The United States Army Aviation Museum has SLAR installed on its OV-1B Mohawk (see the OV-1B with SLAR post). This OV-1D is in the Evergreen Aviation & Space Museum.

Power provided by a pair of Lycoming T-53-L-701 turboprop engines (1400 shp each) made possible the Mohawk’s forte of flying for a bit over 4 hours per mission. Range with a pair of 150 gallon external tanks approached 950 miles and cruising speeds were a bit over 200 mph (although it would get to its never exceed speed of 450 mph much too quickly when in a dive). The service ceiling of 25,000 feet was hardly obtained as the aircraft would have little control authority at those heights and really only be hanging off the three bladed constant speed Hamilton Standard props. The crew sat side-by-side with the pilot on the left and the TO (technical observer) on the right. Mohawks have roomy cockpits for military aircraft which also enjoy unexcelled visibility. There was no provision made for dual controls but ejection seats were standard as were speed brakes.

The pilot’s side of this Grumman OV-1D Mohawk of the Evergreen Aviation & Space Museum in McMinnville OR—©2009 Joseph May/Travel for Aircraft

Excellent view of the nose mounted two faceted viewing glass for the KA-60 panoramic (180° field of view which would photograph with a successive 60% overlap) camera in this Grumman OV-1D Mohawk of the Evergreen Aviation & Space Museum in McMinnville OR—©2009 Joseph May/Travel for Aircraft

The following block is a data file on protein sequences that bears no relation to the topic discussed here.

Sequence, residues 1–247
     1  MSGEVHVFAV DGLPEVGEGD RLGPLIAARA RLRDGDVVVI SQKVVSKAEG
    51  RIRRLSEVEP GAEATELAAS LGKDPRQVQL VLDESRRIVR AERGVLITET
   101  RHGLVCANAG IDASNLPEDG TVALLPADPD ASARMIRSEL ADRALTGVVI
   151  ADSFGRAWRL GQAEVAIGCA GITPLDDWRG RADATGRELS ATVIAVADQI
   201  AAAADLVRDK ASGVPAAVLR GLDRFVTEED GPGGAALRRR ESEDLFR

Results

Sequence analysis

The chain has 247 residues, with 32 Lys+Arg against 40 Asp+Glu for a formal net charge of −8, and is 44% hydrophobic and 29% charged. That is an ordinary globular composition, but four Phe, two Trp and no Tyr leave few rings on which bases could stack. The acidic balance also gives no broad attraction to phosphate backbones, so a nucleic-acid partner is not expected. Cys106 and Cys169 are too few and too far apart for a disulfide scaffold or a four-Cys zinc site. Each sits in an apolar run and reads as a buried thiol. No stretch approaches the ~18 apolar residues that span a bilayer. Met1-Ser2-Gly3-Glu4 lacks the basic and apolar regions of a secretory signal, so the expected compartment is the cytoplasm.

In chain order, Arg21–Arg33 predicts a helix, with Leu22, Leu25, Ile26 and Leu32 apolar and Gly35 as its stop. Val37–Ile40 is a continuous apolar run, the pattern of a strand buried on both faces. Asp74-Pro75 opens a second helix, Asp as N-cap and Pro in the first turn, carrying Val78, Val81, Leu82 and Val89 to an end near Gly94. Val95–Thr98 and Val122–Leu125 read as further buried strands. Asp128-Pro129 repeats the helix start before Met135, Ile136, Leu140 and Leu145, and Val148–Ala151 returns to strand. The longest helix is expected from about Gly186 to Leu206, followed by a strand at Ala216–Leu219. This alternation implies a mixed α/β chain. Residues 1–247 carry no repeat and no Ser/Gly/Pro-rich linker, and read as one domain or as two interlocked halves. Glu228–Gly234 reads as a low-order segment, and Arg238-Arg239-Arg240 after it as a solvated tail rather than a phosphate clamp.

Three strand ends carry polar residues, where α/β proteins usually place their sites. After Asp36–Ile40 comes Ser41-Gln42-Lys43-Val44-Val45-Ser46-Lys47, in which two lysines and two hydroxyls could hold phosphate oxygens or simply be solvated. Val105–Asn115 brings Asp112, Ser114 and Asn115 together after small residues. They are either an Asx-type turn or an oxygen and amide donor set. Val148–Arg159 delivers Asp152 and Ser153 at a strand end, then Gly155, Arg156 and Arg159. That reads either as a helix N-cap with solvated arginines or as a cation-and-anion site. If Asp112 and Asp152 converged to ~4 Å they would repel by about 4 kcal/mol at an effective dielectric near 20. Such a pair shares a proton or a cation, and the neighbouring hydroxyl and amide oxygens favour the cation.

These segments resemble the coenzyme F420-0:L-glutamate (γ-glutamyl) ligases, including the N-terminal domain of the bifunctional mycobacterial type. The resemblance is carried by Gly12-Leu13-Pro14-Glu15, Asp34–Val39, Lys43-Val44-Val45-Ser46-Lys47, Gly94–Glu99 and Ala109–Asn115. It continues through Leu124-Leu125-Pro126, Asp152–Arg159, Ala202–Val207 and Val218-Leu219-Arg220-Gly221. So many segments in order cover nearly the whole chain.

MiG 29 Fulcrum in Oregon

15 February 2021

MiG 29 (NATO Fulcrum) in front at the Evergreen Aviation & Space Museum in McMinnville OR—©2009 Joseph May/Travel for Aircraft

The Mikoyan MiG 29 is a 1970s multirole design similar, though smaller than, to the Sukhoi SU 27 (NATO Flanker), and it counters the F-15 Eagle as well a F-16 Fighting Falcon. Twin turbofan engines (Klimov RD-33 rated at 18,340 pound thrust in afterburner) can take the pilot to speeds of 1500 mph (Mach 2.25) and 59,000 feet. It has an impressive thrust-to-weight ration of 1.09:1 and can be armed with the expected bombs, rockets and missiles including an internal 30mm autocannon (Gryazev-Shipunov GSH-30-1) with 150 rounds. Interestingly the MiG 29 is also equipped with an Infra Red Search and Track (IRST) device (the OEPS-29), the sensor of which lies within the glass orb located in front of and to the right of the cockpit canopy. This allows passive detection and tracking—compared to radar the range is more limited but it does not give notice of the fighter’s presence as radar can and angular resolution increases due to the use of shorter wavelengths than the microwave frequencies of radar.